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‘All talk’: Trump rips Rep. John Lewis for questioning his legitimacy

‘All talk’: Trump rips Rep. John Lewis for questioning his legitimacy

President-elect Donald Trump lashed back out at Rep. John Lewis, D-Ga., on Saturday morning after the civil rights leader questioned the legitimacy of his upcoming presidency.

“Congressman John Lewis should spend more time on fixing and helping his district, which is in horrible shape and falling apart (not to…… mention crime infested) rather than falsely complaining about the election results. All talk, talk, talk – no action or results.” Trump tweeted.

The president-elect tacked on his favorite Twitter conclusion: “Sad!

On Friday, NBC’s “Meet the Press” published an early portion of its interview with Lewis, who said he didn’t view Trump’s presidency as legitimate. Lewis pointed to the U.S. intelligence community’s allegation that Russia interfered in the election via cyberattacks and other methods.

“It’s going to be very difficult. I don’t see this president-elect as a legitimate president,” said Lewis.

Late last month, President Obama ordered retaliatory sanctions against two Russian intelligence agencies and expelled 35 Russian suspected spies from the U.S.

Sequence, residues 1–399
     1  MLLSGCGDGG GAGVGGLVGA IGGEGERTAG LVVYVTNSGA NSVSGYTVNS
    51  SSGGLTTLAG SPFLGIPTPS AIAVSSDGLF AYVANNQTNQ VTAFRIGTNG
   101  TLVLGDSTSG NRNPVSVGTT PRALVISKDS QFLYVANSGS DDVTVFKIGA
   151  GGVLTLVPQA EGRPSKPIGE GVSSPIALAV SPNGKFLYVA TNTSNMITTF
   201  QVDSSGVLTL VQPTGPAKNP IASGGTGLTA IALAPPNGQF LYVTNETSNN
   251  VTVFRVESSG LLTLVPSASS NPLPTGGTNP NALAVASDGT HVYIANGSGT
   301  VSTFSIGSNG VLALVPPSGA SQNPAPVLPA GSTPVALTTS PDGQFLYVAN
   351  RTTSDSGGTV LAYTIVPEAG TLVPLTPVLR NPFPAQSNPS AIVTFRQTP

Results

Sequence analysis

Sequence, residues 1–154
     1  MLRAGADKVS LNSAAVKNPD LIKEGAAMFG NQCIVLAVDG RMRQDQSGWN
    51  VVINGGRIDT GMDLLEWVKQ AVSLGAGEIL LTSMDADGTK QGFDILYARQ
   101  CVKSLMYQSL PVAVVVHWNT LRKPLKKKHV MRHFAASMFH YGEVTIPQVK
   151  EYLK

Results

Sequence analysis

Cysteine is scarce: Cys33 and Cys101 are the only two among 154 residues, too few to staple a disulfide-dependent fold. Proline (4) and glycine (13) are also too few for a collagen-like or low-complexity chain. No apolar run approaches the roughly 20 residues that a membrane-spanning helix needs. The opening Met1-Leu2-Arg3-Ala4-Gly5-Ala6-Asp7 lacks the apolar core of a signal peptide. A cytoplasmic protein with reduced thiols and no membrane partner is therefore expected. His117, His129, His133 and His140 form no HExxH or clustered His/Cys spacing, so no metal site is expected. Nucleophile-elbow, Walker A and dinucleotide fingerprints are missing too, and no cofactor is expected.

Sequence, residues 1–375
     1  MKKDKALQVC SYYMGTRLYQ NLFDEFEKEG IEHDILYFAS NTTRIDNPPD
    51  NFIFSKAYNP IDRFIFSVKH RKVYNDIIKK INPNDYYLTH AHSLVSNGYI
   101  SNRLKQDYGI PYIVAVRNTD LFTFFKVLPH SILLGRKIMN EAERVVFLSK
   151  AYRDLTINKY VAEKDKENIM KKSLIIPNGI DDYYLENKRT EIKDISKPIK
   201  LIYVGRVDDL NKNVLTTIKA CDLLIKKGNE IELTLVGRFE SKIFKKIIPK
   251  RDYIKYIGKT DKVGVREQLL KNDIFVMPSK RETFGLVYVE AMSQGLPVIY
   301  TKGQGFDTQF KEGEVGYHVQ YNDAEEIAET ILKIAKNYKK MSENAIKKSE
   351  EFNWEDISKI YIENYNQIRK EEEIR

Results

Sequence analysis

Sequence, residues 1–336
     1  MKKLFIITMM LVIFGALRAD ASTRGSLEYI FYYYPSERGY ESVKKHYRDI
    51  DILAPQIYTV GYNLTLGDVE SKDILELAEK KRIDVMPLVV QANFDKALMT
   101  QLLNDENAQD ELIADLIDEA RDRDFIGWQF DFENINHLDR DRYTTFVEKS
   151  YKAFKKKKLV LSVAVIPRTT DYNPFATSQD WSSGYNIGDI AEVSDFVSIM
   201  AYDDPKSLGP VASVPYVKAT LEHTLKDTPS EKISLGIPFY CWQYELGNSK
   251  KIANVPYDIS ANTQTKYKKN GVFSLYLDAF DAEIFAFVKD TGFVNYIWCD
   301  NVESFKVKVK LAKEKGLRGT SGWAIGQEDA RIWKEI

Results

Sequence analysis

Throughout the campaign, WikiLeaks published a trove of embarrassing emails from the Democratic National Committee and from Hillary Clinton’s campaign chairman that the U.S. intelligence community said were leaked by Russian hackers. The Obama administration has not claimed that Russia played a decisive role in the election, and the integrity of the vote has not been questioned by officials.

“I think there was a conspiracy on the part of the Russians and others to help him get elected,” Lewis said. “That’s not right. That’s not fair. That’s not the open democratic process.”

Lewis, who now represents parts of Atlanta in Congress, was one of the organizers of the 1963 March on Washington. Lewis has emerged as one of the leading critics of the Trump administration, and testified against Sen. Jeff Sessions, R-Ala., during his confirmation hearing to become Trump’s attorney general.

He is also one of a handful of House Democrats who have said they will boycott the inauguration, which is normally a celebration of bipartisanship. Hillary and Bill Clinton have both said that they will attend.

Read more from Yahoo News:

Source: www.yahoo.com

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